Andy Johnson converts engine, transmission and electrical system data to NMEA2000 and displays the numbers on his Moody 31 chartplotter.

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Just about every engine installed in a yacht or power boat has some degree of instrumentation, ranging from the basic rev counter, warning lights and audible alarm (as in this project) to a full suite of dials and displays.

Modern chart plotters and marine instruments, in addition to displaying the chart, radar and many other functions, also offer a comprehensive set of data pages to display information for one or more engines, transmissions and electrical systems. Here, we take a Moody 31 and its Volvo Penta 2003 engine and add a host of engine and electrical data to display via the NMEA2000 network.

Three stages of conversion are involved, beginning with the sensors themselves – referred to as senders – which will convert the parameter being measured into an electrical signal. The second and third stages, accomplished by the data converter unit, are to convert the electrical signal into a digital number (digitisation) and arrange it into a format suitable for transmission onto the NMEA2000 network. Some larger engines use the automotive J1939 network, which would then have to be converted into the NMEA2000 format to display on the chart plotter.

The difference between resistive senders and pulse senders

The most common senders are resistive, such that their resistance changes with the parameter being measured, or pulse-type senders where the frequency of the pulses changes with the speed being monitored. The coolant temperature, oil pressure and fuel level senders used here are all resistive. Measuring current is achieved using either a resistive device called a current shunt or a Hall effect sensor (which measures current in a different way). The alternator itself provides the pulse output for engine revs so no additional sender is required.

The temperature and pressure senders need to fit in the same locations as the original senders, so they need the correct thread. The temperature sender should measure from about 25°C to above the alarm point (95°C). The oil pressure sender must cope with the highest possible pressure for a cold engine at start-up (7 Bar, 100psi in this case).

There are many tank level senders on the market: the one chosen was a simple tube type, changing the resistance in small steps as the float moves up and down. Once the flange is fitted, the actual sender simply screws in – providing there is enough height above the tank to poke it through (check this first!).

Measuring current presents more of a challenge. It would be useful to display total charging current and current consumption from the domestic batteries. Current can be measured by a ‘resistive current shunt’, which has a very small fixed value of resistance, creating a voltage across its terminals proportional to the current flowing through them (remember Ohm’s Law?). Alternatively, a Hall effect sensor measures the magnetic field generated by the flow of current in the cable (passing through its aperture), producing a small voltage proportional to it. This type of sensor also needs a 12V supply. Both are 60A rated, as they would be damaged if subjected to prolonged currents greater than their rating. They give 1mV/A output, and this is increased by the use of differential amplifiers to multiply this very small signal by 50, increasing it to 50mV/A.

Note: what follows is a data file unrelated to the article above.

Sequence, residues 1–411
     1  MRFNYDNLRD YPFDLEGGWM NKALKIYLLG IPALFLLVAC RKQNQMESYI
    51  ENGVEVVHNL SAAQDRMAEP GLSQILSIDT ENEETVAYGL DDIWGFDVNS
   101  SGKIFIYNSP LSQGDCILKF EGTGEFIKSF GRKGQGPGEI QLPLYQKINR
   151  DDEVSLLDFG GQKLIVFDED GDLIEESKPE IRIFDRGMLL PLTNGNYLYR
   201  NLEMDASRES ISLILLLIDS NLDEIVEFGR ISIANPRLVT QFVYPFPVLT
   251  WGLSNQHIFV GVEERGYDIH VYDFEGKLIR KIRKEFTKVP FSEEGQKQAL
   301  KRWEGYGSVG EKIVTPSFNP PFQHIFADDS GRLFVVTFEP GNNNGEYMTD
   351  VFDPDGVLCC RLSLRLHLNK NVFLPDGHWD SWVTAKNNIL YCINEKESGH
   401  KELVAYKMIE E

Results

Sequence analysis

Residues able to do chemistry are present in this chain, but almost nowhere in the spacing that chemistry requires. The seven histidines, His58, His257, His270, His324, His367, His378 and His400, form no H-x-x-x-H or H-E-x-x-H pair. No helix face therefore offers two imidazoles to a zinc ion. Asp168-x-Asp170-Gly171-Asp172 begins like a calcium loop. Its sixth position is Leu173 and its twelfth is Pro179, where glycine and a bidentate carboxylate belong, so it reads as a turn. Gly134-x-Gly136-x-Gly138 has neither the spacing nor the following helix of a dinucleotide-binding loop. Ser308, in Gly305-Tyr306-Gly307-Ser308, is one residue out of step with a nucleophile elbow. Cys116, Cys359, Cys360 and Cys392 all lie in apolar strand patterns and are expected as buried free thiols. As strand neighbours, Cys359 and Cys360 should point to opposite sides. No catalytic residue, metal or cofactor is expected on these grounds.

Oil pressure and coolant temperature senders with integral alarm switches.

Cables from the alternator and other sources of charging are passed through the Hall effect sensor aperture.

Measuring battery voltage only requires a wire from the battery terminal to the data converter channel input, or is measured internally on some units.

To minimise electrical interference, a new 0V bus was installed for all the instrumentation, connected directly back to the domestic battery negative terminal and screened multi-core cable
was used for the sender signal connections.

The data converter itself is an electronic unit with configurable input channels, taking in the signals from the resistive and pulse-type sensors. The resultant numbers, representing the values of the parameters being measured, are then assembled into the correct format and sent to the display via the NMEA2000 data network.

Data converters either piggyback off existing sensors and instruments, picking up the sensor outputs at their terminals, or new sensors are fitted and wired to the data converter inputs, or a mixture of both.

Tried and tested

Click through to the next page (scroll down) to see a detailed description of the first of the three units that we used for this installation (the other two are on subsequent pages). All three data converters work well. The advantage with the NoLand RS11 is its flexibility (allowing current to be measured) at the expense of a slightly more complex set-up. For a more standard installation, without current measurement, then the Actisense EMU-1 is very simple to configure. The Veethree EGM is perfect for vessels with larger engines (or outboards) which have their instruments on the J1939 network, an approach becoming more common in the marine sector.

  1. 1. Introduction
  2. 2. Configuring the NoLand RS11 Engine Data Converter
  3. 3. Actisense EMU-1 Engine Monitoring Unit
  4. 4. Veethree EGM (Engine Gateway/monitor)
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